The Classroom as a Public Space


A blurry photo of one of the classrooms I teach in



I engage in a fantasy that the classroom functions as a public space. That is, the classroom in micro can be seen as the way people would interact in macro.

But the classroom is a very protected and isolated space. There are very clear roles for everyone to play and very clear structures of control and obedience.

The furniture and surroundings indicate that you are in a special place, a place marked for being what it is - like a doctor's office, hospital, or institutional building like a court.

If the function of the public speaking course is to prepare students to attend to the demands of a distracted, sharp, busy public of transient bodies, how does the classroom promote this?

I am starting to think that perhaps it doesn't, and it might be up to faculty to try to alter this environment to make it provide a bit more for the students so they can learn the most important lessons from a public speaking course.

What are the most important lessons? Here is the beginnings of a list I am working on:
1. That facts do not speak for themselves.
2. That the truth is not obvious nor immediately convincing, and needs a huge amount of help.
3. That what works for one audience will not work for all audiences.
4. That knowing more than others gives you more responsibility toward them, not less.

I know there could be many more and should be many more applied to this list, but in the traditionally arranged public speaking in a classroom these four are violated quite a bit. The students speak to a very limited and very familiar audience. They speak using a lot of tropes and shortcuts of reasoning that work very effectively for their very specialized peer composed audience. And the audience and the speaker often conclude together that "those others" out there in the world are just too stupid to be concerned about, unless they can get you a job or are at another university or college somewhere.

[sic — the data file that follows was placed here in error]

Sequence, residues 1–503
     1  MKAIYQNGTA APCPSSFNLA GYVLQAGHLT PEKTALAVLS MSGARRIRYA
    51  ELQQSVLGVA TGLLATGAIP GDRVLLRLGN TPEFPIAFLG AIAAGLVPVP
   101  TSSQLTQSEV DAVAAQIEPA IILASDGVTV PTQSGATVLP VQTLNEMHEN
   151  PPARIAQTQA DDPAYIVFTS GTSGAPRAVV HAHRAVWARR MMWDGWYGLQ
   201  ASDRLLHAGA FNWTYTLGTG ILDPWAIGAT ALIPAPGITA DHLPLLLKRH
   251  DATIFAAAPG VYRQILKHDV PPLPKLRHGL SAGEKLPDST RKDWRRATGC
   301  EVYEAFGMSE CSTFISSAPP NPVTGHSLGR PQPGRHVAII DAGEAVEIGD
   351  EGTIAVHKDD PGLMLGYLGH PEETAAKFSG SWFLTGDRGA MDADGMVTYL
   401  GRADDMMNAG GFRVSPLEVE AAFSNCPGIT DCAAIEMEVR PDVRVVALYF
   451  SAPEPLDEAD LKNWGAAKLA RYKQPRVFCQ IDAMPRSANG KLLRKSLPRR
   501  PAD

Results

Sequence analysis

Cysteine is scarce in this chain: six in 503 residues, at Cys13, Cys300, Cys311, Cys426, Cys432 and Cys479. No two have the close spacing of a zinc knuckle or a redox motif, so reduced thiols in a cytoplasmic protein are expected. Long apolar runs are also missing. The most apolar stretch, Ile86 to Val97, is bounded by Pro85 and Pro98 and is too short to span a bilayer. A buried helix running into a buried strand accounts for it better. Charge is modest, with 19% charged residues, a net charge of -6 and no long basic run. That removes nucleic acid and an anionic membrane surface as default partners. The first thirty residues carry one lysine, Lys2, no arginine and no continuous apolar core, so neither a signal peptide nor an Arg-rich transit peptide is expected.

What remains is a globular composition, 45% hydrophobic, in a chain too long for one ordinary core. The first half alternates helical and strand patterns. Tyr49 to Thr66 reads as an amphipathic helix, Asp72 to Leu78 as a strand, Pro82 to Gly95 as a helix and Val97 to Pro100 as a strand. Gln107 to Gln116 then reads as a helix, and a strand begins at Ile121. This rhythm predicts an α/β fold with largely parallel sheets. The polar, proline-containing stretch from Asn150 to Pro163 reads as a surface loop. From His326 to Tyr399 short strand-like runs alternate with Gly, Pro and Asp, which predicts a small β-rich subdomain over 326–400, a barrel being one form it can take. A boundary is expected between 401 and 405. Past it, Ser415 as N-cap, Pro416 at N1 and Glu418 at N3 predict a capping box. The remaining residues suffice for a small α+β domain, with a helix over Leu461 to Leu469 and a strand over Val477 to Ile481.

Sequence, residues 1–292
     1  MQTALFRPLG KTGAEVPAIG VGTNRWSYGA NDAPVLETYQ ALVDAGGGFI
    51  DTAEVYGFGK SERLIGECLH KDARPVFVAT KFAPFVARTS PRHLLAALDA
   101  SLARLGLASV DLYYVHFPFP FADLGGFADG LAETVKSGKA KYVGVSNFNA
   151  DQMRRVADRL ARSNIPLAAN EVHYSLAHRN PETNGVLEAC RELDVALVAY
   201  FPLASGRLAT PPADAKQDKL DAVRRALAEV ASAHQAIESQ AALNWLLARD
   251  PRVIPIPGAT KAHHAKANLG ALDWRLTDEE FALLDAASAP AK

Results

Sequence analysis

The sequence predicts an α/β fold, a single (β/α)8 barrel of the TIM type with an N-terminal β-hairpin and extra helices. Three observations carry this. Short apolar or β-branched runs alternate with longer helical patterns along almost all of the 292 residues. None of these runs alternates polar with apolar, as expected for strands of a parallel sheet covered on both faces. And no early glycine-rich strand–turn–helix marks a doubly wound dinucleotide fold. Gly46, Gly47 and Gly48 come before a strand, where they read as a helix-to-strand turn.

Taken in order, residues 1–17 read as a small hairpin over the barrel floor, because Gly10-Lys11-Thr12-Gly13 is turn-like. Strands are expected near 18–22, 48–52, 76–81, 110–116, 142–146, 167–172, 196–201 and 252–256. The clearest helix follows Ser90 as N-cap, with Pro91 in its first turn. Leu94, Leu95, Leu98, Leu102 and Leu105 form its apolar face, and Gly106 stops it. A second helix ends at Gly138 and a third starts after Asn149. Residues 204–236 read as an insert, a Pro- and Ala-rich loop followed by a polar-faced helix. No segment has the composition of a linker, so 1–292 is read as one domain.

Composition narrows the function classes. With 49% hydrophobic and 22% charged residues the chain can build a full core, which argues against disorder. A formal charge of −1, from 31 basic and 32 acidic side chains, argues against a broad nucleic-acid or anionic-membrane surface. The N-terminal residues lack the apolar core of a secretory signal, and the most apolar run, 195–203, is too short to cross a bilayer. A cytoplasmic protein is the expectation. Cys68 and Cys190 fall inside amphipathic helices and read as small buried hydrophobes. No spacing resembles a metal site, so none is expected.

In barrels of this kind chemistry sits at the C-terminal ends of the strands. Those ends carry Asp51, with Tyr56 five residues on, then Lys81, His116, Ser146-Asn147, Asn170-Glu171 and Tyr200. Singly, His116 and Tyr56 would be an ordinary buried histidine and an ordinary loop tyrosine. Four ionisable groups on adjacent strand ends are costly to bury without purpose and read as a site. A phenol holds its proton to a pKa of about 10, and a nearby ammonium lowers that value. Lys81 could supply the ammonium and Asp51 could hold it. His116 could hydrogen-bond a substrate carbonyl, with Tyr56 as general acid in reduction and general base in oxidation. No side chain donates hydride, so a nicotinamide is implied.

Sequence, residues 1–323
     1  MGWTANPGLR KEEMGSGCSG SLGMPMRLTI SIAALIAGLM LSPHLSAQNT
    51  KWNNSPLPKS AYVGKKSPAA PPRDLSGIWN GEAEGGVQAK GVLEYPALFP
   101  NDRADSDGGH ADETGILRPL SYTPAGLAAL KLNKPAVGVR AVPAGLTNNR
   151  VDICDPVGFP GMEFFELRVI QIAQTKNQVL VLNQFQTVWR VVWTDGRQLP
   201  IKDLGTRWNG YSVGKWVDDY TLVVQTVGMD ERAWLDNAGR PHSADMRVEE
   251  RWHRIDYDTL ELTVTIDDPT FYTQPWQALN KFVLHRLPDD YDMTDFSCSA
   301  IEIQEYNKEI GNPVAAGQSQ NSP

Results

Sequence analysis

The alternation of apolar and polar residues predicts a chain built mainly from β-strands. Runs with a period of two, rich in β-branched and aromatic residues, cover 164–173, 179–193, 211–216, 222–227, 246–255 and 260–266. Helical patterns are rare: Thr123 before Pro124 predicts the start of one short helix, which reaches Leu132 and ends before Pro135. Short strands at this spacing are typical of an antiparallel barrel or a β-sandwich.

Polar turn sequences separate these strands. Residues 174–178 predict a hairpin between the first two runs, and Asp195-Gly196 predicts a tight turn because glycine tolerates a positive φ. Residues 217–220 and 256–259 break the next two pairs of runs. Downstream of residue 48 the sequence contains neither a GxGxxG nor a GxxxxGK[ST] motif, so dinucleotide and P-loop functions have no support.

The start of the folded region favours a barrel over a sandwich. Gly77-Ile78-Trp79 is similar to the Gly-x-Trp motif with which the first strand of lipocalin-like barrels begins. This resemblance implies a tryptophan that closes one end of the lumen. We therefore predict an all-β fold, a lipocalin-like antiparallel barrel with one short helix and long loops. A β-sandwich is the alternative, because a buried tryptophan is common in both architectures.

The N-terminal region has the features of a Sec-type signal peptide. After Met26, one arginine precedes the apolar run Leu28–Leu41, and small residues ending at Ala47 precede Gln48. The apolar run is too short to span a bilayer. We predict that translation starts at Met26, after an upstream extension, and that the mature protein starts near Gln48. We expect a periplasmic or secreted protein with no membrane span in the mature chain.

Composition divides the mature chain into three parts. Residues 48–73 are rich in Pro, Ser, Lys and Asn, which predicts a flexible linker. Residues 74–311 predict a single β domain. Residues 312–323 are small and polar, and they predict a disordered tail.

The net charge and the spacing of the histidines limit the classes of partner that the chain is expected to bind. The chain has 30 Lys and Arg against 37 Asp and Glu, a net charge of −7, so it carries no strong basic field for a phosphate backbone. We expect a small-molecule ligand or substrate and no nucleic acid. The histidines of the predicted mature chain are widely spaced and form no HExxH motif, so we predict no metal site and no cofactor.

The answer to this problem for me is to "publicize" the classroom - with a dose of some more complicated audience theory (I'm considering a bit of James Crosswhite and some of Benedict Arnold as well for starters). How do we publicize the classroom? The easiest way might be broadcasting speeches through networks like Skype or stickcam. There are probably other alternatives that are asynchronous, such as youtube or blip.tv. The focus and the point here is to give students' speeches a wide audience of people in and outside the university so they can have a bit more engagement and practice with that "public" audience that the traditional classroom marks as out of bounds.